A publication of the Indiana Business Research Center at IU's Kelley School of Business
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Food-Product Workers Bring Home the Bacon

Recent tabulations of workers covered under Indiana's unemployment insurance laws indicate that employment in the food-product industry is distributed among many Hoosier counties and across a wide range of specific industry categories. This industry group includes meat-packing plants and poultry processing along with the production of sausages and other prepared meats, bread, cake, candy, bottled and canned soft drinks, and potato chips and similar snack items. Also included are prepared feeds for livestock and fowl. "IN the Spotlight" presents detailed state-level information on Indiana's food-processing industry, while this section focuses on county data.

Figure 1 depicts the share of covered employment in the food-processing industry for each Indiana county. The 10 counties with the highest share of workers in food processing are somewhat scattered around the state, with six in the north and four in the south. Food's employment share in these top 10 counties ranged from 22.0% in Carroll County to 3.5% in Adams County. Less than 1% of the workforce was employed in the food industry in the majority of Hoosier counties, including 13 counties that report no workers in this industry.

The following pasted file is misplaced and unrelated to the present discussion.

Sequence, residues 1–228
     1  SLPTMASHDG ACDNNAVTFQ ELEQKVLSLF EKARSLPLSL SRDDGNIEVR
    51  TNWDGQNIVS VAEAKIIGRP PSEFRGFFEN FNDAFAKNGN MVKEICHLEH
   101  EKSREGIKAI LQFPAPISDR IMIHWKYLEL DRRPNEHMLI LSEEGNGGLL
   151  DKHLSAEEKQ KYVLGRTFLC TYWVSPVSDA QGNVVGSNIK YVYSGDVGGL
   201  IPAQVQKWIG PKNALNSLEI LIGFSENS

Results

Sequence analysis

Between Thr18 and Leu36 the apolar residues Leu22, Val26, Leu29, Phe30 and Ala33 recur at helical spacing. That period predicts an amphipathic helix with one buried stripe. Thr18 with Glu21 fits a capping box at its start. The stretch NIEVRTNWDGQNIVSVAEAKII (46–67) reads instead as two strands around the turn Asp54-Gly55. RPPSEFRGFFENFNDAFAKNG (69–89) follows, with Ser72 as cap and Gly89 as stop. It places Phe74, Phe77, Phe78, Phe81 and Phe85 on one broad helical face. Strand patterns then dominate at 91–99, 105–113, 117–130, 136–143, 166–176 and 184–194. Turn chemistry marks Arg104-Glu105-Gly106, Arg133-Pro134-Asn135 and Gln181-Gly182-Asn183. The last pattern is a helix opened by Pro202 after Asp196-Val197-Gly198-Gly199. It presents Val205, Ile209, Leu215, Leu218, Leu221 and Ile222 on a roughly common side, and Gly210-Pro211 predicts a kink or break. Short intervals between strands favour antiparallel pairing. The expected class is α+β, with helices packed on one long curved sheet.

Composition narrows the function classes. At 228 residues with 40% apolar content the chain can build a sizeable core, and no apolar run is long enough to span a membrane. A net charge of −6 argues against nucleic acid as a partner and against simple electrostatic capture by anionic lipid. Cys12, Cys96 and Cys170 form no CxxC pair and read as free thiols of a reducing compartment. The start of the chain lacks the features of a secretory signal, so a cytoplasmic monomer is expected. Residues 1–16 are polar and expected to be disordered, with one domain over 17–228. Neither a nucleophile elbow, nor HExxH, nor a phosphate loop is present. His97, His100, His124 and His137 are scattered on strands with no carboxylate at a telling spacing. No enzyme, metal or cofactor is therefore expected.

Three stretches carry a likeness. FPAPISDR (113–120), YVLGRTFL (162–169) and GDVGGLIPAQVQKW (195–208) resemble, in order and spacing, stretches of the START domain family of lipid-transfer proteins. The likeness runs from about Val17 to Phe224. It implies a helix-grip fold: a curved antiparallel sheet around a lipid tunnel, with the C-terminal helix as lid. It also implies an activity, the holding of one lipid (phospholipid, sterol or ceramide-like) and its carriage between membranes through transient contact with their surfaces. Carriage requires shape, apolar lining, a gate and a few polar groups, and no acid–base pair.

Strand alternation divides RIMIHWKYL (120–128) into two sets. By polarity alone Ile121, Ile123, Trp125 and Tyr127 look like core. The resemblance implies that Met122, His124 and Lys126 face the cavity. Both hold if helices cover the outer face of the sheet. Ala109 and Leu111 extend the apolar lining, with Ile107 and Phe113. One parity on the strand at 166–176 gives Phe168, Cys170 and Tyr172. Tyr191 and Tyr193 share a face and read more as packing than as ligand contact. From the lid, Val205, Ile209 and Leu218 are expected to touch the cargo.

Figure 1

While food-industry employment is relatively small on the state level, in a three-county region consisting of Clinton, Cass and Carroll counties (see Figure 2), the food industry is a major player in the local economy.

Figure 2

The three-county region accounts for only about 1% of the state's total employment and less than 2% of the state's population. However, the region accounts for 15% of the state's food-industry employment (see Figure 3), employing almost 5,000 workers.

Figure 3

Figure 4 indicates that growth in food-industry employment in this region has dramatically outpaced the state's growth in the food industry in the most recent 10-year period. Food-industry employment grew by 87% between 1989 and 1999 in the region, while the industry's growth rate for the state was only 3%. The growth rate for food-industry employment in Clinton, Cass and Carroll counties was three-and-a-half times the growth rate for total employment in the region.

Figure 4

From a state perspective, the food industry is a relatively small employer of Hoosier workers, and job growth in this industry has not kept pace with overall job growth rates for the state. However, for the three-county region consisting of Clinton, Cass and Carroll counties, the food industry employs a significant number of workers, and food employment in this region has grown rapidly since 1989.